Cyclamen jersey – Points classification leader
The nature of previous editions of the Giro have meant that a points classification that would usually go to a sprinter has fallen to a GC contender or a punchy rider like Marianne Vos. This year, however, the design of the race means that we may actually see the sprinters battling for points towards the jersey.
Marianne Vos (Jumbo-Visma)
Marianne Vos has won the overall title on three occasions but she is also a prolific stage winner with a remarkable 28 career victories at the Giro d’Italia Donne. In recent years, she won four stages in 2019 and three stages in 2020, where she also secured the points classification. Vos has had another stellar season, so far, and we can expect that to continue in Italy. (KF)
Lorena Wiebes (Team DSM)
Lorena Wiebes is one of the fastest riders that the women’s peloton has seen for a long time. A pure sprinter with an impressive turn of speed, Wiebes will be the one to beat should any of the flatter stages come down to a bunch sprint. Plus, if breakaways don’t sweep them up, we could see her contesting for any intermediate sprints.
Emma Norsgaard (Movistar)
The former Danish national champion is the closest match to Wiebes’ speed. The Movistar rider has had a string of second-place finishes amidst a few wins this season but she will certainly be looking to make it onto more top-steps. Meanwhile, she could challenge Wiebes for the sprint classification.
White jersey – Best young rider
The white jersey for best young rider is almost as hotly-contested as the GC as young hopefuls look to make a name for themselves and get up onto the podium. With one of the main overall contenders qualifying for the white jersey, however, it’s highly likely that we will see a repeat of 2020s result.
Mikayla Harvey (Canyon-SRAM)
Still just 22-years-old and having walked away with the young rider’s jersey by 4’55” last year, Mikayla Harvey will be a shoo-in for white as well as a contender for pink. Harvey will likely be Canyon//SRAM’s leader for the overall and if the talented young Kiwi can walk away so comfortably with the classification while racing for a smaller team, she’s the nailed-on favourite with their backing.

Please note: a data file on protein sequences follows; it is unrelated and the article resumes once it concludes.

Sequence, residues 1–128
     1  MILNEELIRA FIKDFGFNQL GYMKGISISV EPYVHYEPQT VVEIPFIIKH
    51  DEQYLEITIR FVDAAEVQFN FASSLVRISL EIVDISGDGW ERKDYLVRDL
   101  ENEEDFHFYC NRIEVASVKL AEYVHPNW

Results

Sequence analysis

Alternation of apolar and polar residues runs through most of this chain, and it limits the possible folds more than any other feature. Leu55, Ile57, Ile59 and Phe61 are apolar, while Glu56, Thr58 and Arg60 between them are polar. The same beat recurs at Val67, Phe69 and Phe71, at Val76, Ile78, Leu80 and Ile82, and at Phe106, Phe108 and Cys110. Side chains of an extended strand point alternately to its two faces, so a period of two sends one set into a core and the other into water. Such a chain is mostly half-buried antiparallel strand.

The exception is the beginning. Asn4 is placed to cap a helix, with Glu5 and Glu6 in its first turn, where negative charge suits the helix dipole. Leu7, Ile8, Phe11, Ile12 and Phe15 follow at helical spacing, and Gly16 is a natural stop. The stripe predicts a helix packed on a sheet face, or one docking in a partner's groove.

Evita Muzic (FDJ Nouvelle Aquitaine Futuroscope)
If any rider can challenge Harvey for the jersey it’s last year’s second-place in the classification: Evita Muzic. The young French rider beat the experienced Audrey Cordon Ragot to win the French national championships last month and last year claimed the final stage of this race. If she isn’t required to completely bury herself for team leader Cecilie Uttrup Ludwig, Muzic could pull off a consistent ride in Italy.
Niamh Fisher Black (SD Worx)
Similarly to Muzic, if 20-year-old Niamh Fisher Black isn’t required to relinquish her own chances for her teammates she could be a strong contender for the white jersey. The compatriot and former teammate of Harvey rode an incredibly consistent Giro in 2020 and came second on the same stage that Muzic won, showing her ability to maintain her form throughout the 10-day race.
Blue jersey – Top Italian rider
The maglia azzurra jersey is one of the most coveted jerseys, outside of the maglia rosa, for a rider racing on home roads in Italy. It represents the top placed Italian rider in the race. While Italian Champion Elisa Longo Borghini (Trek-Segafredo) might be the one wearing the blue jersey (if she’s not in pink), we took a look at two other Italian riders who could shine at the Giro d’Italia Donne.
Marta Cavalli (FDJ Nouvelle-Aquitaine Futuroscope)
Marta Cavalli has had a few stand-out performances this season but she is missing that big top-tier victory. She is an aggressive racer and has been among the top 10s in many of the punchy races this spring. Consistency is key at the Giro, and while she is in a support role for Cecilie Uttrup Ludwig, watch for her to be up there in the GC, too. Last year, she was the second best Italian rider in the peloton behind Longo Borghini. (KF)
Soraya Paladin (Liv Racing)
Second at the Italian National Championships behind Longo Borghini, 7th at La Course and 5th at Trofeo Alfredo Binda show that Paladin is a powerful rider. She was also inside the top-20 at the Giro d’Italia Donne last year, behind Longo Borghini, Cavalli and Katia Ragusa. (KF)
Having a consistent team is a vital element of winning a race like the Giro Rosa, but the nature of the team’s classification means that it doesn’t always go to the team of the GC rider.
Comprising the accumulated GC times of each rider, the domestiques who bury themselves for a leader bring the top teams’ times right down. Last year, team CCC-Liv won the classification, with winner Anna van der Breggen’s Boels Dolmans team right down in fourth.
We can never discount SD Worx because of their depth, but we look at two other teams that could win the teams classification.
By virtue of having a strong opening TTT and a number of possible stage winners within the team – from Lizzie Deignan to Lucinda Brand as well as team leader Longo Borghini – Trek-Segafredo might come away with the team classification by the end of the race.
The team came third in 2020 so if they can just improve on their TTT capabilities from last year, the French-registered team – with the strong players of Uttrup-Ludwig, Marta Cavalli and Evita Muzic – might also have enough of a consistent race to take the title of best team.